Observatory

One of the most complex observatories in the world

Te Matakite, the sub-seafloor observatory we are installing in the Hikurangi Subducton zone, is not the only observatory in the world in a subduction margin, but it is a first for New Zealand.

And because of its nested design, with three packages of instruments lowered inside each other, it is one of the most complex.

What observatories at other subduction zones are showing us

There are observatories under the sea floor in other parts of the world, but most are at mid-ocean ridges where tectonic plates are diverging or pulling apart. Some subduction zone observatories have been installed off the coasts of Costa Rica, Japan, Cascadia, Barbados and the Marianas (in the northwest Pacific Ocean), and they are giving scientists interesting insights.

In Costa Rica, an observatory at ODP Site 1255 has shown that the chemistry and flow of subseafloor fluids changes following slip events on the subduction fault. These data were recorded by an OsmoSampler and OsmoFlowmeter that measure the fluid-flow rates and fluid chemistry, much like the one we are installing here at Site U1518.

fluids, observatory, geology
Data from Solomon et al. (2008) shows a marked increase in fluid pressure (black line) after two slow slip events in Costa Rica, as well as changes in the flow rate (blue line) and fluctuations in Strontium (Sr) indicated by the red line. Strontium is like a fingerprint giving us an idea of where the sub-seafloor groundwater is coming from.

 

 

 

 

 

 

 

 

 

 

 

 

 

In Japan’s Nankai Subduction Zone, pressure sensors have shown a difference in fluid pressure changes at two different sites during slow slip events. These pressure changes happen between Hole C0002G (blue) where the sediment is getting ‘tugged’ to the right (and the fluid pressure decreases) and Hole C0010A (red) where the sediment is getting ‘squeezed’ (and the fluid pressure increases).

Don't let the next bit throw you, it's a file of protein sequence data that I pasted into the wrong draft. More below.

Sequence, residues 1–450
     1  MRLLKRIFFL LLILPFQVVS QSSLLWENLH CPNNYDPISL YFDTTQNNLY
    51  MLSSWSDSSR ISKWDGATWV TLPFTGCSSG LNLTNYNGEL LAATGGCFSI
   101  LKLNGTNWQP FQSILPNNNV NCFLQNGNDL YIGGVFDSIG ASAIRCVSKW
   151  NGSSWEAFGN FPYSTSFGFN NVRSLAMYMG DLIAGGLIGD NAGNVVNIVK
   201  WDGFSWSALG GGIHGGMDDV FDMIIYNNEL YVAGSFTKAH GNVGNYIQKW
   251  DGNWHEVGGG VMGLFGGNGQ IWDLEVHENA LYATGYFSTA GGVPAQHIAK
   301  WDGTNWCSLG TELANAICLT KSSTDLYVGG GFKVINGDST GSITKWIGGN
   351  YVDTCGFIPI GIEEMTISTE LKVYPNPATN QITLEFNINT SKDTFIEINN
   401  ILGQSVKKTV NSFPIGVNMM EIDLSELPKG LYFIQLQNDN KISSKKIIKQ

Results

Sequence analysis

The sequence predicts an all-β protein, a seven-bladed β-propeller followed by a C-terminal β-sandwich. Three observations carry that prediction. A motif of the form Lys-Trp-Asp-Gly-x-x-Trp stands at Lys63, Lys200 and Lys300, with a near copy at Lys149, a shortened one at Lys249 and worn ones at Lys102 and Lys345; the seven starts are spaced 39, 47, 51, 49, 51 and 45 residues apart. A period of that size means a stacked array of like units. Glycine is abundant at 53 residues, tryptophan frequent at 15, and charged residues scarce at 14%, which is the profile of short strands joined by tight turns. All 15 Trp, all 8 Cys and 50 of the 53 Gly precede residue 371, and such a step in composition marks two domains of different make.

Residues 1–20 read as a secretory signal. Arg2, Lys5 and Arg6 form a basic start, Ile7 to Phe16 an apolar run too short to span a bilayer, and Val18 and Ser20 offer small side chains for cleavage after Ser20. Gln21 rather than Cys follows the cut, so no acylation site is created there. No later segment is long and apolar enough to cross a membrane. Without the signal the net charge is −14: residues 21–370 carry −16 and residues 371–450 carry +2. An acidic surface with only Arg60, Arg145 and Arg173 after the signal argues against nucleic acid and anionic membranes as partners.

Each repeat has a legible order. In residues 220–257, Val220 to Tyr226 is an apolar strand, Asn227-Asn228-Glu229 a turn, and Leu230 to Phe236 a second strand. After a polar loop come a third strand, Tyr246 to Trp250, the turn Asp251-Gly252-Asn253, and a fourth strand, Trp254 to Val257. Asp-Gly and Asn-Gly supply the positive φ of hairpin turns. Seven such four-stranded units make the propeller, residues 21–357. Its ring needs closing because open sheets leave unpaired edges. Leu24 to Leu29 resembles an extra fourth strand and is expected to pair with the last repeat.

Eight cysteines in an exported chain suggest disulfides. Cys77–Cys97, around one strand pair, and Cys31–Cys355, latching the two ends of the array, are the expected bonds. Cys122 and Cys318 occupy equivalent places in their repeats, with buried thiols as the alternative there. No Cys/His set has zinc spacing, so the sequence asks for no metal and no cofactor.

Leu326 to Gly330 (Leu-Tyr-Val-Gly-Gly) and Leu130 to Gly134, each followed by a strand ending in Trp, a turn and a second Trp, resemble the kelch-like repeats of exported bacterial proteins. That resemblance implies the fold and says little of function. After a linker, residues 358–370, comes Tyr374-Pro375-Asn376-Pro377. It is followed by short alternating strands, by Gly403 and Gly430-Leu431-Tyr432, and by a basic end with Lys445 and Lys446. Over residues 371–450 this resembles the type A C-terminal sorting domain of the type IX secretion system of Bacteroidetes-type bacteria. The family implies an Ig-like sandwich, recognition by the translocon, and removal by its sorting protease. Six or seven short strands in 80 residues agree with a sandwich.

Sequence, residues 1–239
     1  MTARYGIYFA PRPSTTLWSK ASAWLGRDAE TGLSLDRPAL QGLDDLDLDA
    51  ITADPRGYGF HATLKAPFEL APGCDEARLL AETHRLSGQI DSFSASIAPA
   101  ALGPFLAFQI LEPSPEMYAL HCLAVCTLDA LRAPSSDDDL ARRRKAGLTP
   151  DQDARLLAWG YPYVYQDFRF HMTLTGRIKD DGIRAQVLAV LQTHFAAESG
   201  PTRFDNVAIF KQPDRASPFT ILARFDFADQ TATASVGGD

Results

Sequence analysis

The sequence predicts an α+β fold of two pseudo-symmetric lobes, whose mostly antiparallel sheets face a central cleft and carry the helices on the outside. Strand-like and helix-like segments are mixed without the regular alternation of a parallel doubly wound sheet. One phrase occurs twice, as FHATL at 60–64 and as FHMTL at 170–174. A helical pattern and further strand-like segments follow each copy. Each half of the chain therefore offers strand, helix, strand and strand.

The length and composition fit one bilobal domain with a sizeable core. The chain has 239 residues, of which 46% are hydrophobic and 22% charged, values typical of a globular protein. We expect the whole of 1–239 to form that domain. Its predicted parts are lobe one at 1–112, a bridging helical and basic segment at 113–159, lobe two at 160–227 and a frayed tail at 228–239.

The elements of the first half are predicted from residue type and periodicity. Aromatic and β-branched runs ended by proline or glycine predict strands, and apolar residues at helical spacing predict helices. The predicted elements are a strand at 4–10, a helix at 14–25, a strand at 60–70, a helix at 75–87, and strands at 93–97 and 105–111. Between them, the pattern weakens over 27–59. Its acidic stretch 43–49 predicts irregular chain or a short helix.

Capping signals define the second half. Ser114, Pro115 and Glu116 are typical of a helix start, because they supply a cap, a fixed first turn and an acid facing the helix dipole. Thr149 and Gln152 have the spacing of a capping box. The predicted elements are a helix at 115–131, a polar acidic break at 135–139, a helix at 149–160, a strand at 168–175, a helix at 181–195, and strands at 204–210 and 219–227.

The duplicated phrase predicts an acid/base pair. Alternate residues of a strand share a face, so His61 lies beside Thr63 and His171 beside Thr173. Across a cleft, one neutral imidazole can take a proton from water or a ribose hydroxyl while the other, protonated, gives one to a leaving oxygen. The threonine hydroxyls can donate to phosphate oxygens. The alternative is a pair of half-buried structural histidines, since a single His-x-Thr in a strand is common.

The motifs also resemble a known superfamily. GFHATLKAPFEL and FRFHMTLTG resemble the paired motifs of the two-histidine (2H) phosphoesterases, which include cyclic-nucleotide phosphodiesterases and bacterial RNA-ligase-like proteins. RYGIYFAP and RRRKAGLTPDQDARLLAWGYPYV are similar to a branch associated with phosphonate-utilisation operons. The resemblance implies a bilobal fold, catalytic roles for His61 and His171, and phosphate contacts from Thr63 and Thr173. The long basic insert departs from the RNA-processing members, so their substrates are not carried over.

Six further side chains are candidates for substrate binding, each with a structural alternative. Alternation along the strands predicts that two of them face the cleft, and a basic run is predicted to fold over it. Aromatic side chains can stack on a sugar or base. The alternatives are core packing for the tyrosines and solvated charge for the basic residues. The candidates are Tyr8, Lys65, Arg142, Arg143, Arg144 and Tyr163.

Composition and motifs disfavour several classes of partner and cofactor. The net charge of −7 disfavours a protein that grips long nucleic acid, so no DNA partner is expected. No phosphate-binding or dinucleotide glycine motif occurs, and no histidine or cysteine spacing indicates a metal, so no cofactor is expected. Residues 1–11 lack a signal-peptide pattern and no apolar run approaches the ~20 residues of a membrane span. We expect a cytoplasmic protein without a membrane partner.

The observatory we are installing here, east of Gisborne in the North Island of New Zealand, will be able to detect similar slight changes in the rock and sediment surrounding the subduction fault and provide clues about how and where stress is building or being relieved.

subduction, japan
Seismic reflection image of the studied slow slip area where opposing fluid pressure changes have been gathered from CORK observatories at two sites (C0002G and C0010A) on the Nankai Subduction Zone (offshore Tokyo). Image from Araki, Saffer et al., 2017.

 

 

 

 

 

 

Author:
Aliki Weststrate
About:
Tēnā koutou katoa – greetings. Ko Aliki Weststrate tōku ingoa. My name is Aliki and I’m the NZ based outreach officer and educator on this expedition to study the Hikurangi Subduction Margin. I am a science communicator and trained teacher. I love to connect science organisations to the education sector and general public. Lately I’ve been spending my days communicating the science of the Hikurangi Subduction Zone – NZ’s largest fault. On board Expedition #375 we’re drilling cores to study past earthquakes here and understand the fault properties. And, for the first time in NZ, we will install two sub-seafloor earthquake observatories. Follow the JR blog, FB, Instagram and Twitter to see how we’re going! If you’d like to send me questions email aliki@outerreaches.co.nz , I’d be happy to hear from you.
More articles by: Aliki Weststrate